It’s that centers are often the best rim protectors, so there’s exponentially more value in a stretch five pulling an opposing center from the paint than a stretch four pulling an opposing power forward from the paint.

Stretching the floor has enhanced existing skills for these centers, too. Getting the ball on the perimeter with the threat of shooting has made Brook Lopez an even more effective driver. Gasol can survey the floor from beyond the arc, with a defender pressed closed to him rather than disrupting the passing lanes, and zip dimes from even more angles.

Lopez has embraced his new skill dutifully, though he didn’t want to talk much about himself late in Brooklyn’s awful season. Gasol has unleashed his 3-point shooting with joyous flair – at least once he got going.

"He laughed at first because I told him I want him shooting four a game, and he thought I was joking," Fizdale said. "But as you can see it’s not a joke."

Gasol came close, finishing with 3.6 3-point attempts per game. But there’s always next year.

The stretch-five revolution has just begun.

Three things to watch: Portland Trail Blazers vs. Golden State Warriors

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1. The return of Jusuf Nurkic
Nurkic has been the catalyst for the strong second half of the season that catapulted the Portland Trail Blazers past rivals Denver, Dallas, and Sacramento for the 8th seed in the West. In his time in Portland, Nurkic Fever has run hot thanks to his passing, shooting, and defensive ability.

Portland desperately needed a player like Nurkic, and to hit on him after trading away Mason Plumlee was a godsend. But Nurkic had a non-displaced fracture in his leg in March and we’re still waiting to see if and when he will return. The Blazers need him to run their full offense against Golden State.

2. How Golden State contains Damian Lillard and CJ McCollum
Role players aside, Portland doesn’t win much without Lillard or McCollum hitting, and usually it needs to be both. That’s changed a little bit lately with Lillard finally looking explosive during the final third of the season.

Last year in the playoffs, teams trapped Lillard and McCollum extensively as a way to get the ball out of their hands and to force turnovers. Golden State should be good enough at that, but the plan for the Blazers is to try to counterpunch by having Evan Turner handle the ball. Portland won’t win without big games from these guys, and how the Warriors plan for them could make the difference between a sweep and an extended series.

3. Kevin Durant‘s readiness
Durant has been back but hasn’t quite looked himself yet. The Warriors could take the Portland series “easy” by going slow, pacing him, and saving him and the rest of their stars for future rounds. Golden State is a Finals favorite once again, so that might be the smart move.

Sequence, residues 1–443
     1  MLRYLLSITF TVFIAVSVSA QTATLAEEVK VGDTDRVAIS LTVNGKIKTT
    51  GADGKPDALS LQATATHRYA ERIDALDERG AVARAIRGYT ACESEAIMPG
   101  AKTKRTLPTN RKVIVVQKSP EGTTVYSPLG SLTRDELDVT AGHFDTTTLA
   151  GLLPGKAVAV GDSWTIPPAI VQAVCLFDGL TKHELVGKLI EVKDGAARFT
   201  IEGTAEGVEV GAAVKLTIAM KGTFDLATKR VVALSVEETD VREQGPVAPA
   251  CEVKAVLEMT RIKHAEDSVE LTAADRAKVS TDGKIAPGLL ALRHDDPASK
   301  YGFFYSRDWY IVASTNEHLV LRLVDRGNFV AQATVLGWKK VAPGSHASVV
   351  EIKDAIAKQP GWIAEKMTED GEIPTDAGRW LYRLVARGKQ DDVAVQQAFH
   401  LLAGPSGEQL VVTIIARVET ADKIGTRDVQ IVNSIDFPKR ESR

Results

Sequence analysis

Then again, the playoffs are all about cohesiveness at the right time, so perhaps this is a good series to ramp up Durant’s load? Either way, we’ll learn a lot about how to project the Warriors moving forward by seeing how they handle Durant’s return, and what the former MVP looks like against the Blazers.

Nuggets narrowly miss playoffs, but find cornerstone in Nikola Jokic

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DENVER (AP) Nikola Jokic had absolutely no clue about his final stats until an assistant coach informed him a day after the season ended. No idea whatsoever. Not his points (16.7). Not his rebounds (9.8). Not his assists (4.9).

The Denver Nuggets big man preferred not knowing, so he didn’t get hung up on numbers.

That sort of focus might’ve worked wonders for the youthful Nuggets down the stretch as they narrowly lost out to Portland for the final playoff spot in the West.

“The playoff (chase) was too much pressure for us,” Jokic said Thursday after the team missed the postseason for a fourth straight season. “Every game, it’s like, `Oh, the playoffs – if we lose this, we’re not going to make the playoffs.’… Just play the game as normal.”

Still, the Nuggets (40-42) improved by seven games over a season ago. This despite using 32 different lineups and finishing 3-12 in games where they were behind by one or tied in the final minute, according to research on NBA.com.

“For us to make the run we did, with all the injuries we had, all the young players we were playing, was remarkable,” said coach Michael Malone , whose team was eliminated from playoff contention Sunday on Russell Westbrook‘s long 3-pointer at the buzzer in Oklahoma City’s win.

Even more, the Nuggets found the centerpiece to build around in Jokic , who recorded six triple-doubles. General manager Tim Connelly said the 6-foot-10 Serbian is on the brink of becoming a transcendent player.